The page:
STEM the Science Deniers – Part I
An interviewer recently posed the following question to a nationally known politician: “How old do you think the Earth is?” Here was the response:
“I’m not a scientist, man. I can tell you what recorded history says, I can tell you what the Bible says, but I think that’s a dispute amongst theologians and I think it has nothing to do with the gross domestic product or economic growth of the United States. I think the age of the universe has zero to do with how our economy is going to grow. I’m not a scientist. I don’t think I’m qualified to answer a question like that. At the end of the day, I think there are multiple theories out there on how the universe was created and I think this is a country where people should have the opportunity to teach them all. I think parents should be able to teach their kids what their faith says, what science says. Whether the Earth was created in 7 days, or 7 actual eras, I’m not sure we’ll ever be able to answer that. It’s one of the great mysteries.”
That relatively simple question, followed by that relatively convoluted response, recently gained a good deal of publicity since the responder is a U.S. Senator, and a strong potential contender for even higher public office (Senator Marco Rubio, R-FL). He is (ironically) also a member of the Commerce, Science, and Transportation Committee of the U.S. Senate. The Science Committee? Really! (Read more here)
Let me paraphrase an old Arabian adage that claims, “There are those that know; there are those that don’t know; there are those that know that they don’t know; and there are those that don’t know that they don’t know.” Frankly, I’m not certain as to which group the senator belongs to since he is not a stupid individual. Of course his response might have been a gut reaction that insured he would not offend at least a segment of his constituent base.
Despite his original comments that we will “ never be able to answer when the earth was created,” two weeks later, he announced that he suddenly (perhaps miraculously?) discovered the answer to the question that he had termed not only unanswerable, but “one of the great mysteries”–– he correctly stated that the earth is actually 4.5 billion years old.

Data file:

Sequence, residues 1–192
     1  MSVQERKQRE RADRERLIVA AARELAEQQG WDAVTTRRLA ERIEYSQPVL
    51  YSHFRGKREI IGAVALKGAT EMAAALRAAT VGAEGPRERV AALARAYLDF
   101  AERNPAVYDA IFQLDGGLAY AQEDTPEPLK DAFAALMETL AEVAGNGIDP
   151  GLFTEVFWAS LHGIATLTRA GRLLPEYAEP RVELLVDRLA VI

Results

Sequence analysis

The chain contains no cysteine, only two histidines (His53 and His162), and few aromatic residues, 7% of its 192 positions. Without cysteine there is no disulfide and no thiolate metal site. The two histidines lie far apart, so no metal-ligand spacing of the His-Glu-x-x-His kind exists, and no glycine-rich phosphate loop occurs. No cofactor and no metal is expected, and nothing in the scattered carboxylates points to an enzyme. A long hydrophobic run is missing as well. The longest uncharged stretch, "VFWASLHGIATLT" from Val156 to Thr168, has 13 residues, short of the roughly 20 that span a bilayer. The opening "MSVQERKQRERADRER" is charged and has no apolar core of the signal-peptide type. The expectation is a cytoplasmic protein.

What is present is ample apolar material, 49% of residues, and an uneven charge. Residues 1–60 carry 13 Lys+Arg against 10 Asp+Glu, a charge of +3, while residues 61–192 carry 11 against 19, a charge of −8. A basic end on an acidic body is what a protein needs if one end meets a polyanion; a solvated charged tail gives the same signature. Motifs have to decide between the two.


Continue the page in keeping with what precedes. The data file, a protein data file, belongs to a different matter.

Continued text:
Notwithstanding that about face, he has not yet seen fit to correct his testimony regarding his apparent non-belief of the relationship between scientific empirical evidence and its impact on gross domestic product and economic growth. This raises the suspicion that he might not only be at the very least a Science skeptic, but at the very worst a “Science Denier.” Regardless, his comments about gross domestic product, and economic growth clearly indicate that he is seriously challenged on the subject of Economics.
In an article in Scientific American (that preceded the above interview), it stated that, “For some two centuries, science was a preeminent force in American politics, and scientific innovation has been the leading driver of U.S. economic growth since World War II.” The article pointed to the fact that, “[Scientific] Breakthroughs in the 1970s and 1980s sparked the computer revolution and a new information economy.
In a sense the publication anticipated the outlook of the politician cited above by maintaining that, “A large number of major party contenders for political office this year took anti-science positions against evolution, human induced climate change, vaccines, stem-cell research, and more.” The article continued, “It’s hard to know when it became acceptable for U.S. politicians to be anti-science. The Founding Fathers were science enthusiasts. Thomas Jefferson, a lawyer and scientist, built the primary justification for the nation’s independence on the thinking of Isaac Newton, Francis Bacon, and John Locke––the creators of physics, inductive reasoning, and empiricism.”
Then came a Jeffersonian principle that is crucial, one that all too many politicians ignore––“Consequently, those in positions of authority do not have the right to impose their beliefs on the people. The people themselves retain this inalienable right. Based on this foundation of science—of knowledge gained by systemic study and testing instead of by the assertion of ideology––the argument for a new democratic form of government was self-evident.”
In addition to the groups mentioned in the Arabian aphorism, we can probably add another. This would be the “I don’t want to know” group. Actually, at least a portion of this group is well educated, but like the group as a whole, seems to live in another galaxy. These are people that believe scientific, empirical evidence (what might be termed true, proven facts) is trumped by economic, political, or religious ideological dogma. You might think that the size of this group is rather limited, but on certain subjects the numbers belie this belief. As mentioned above, many of the controversial issues involved are of a scientific nature. Here is one such statistic:
Creationism or Cuckooism?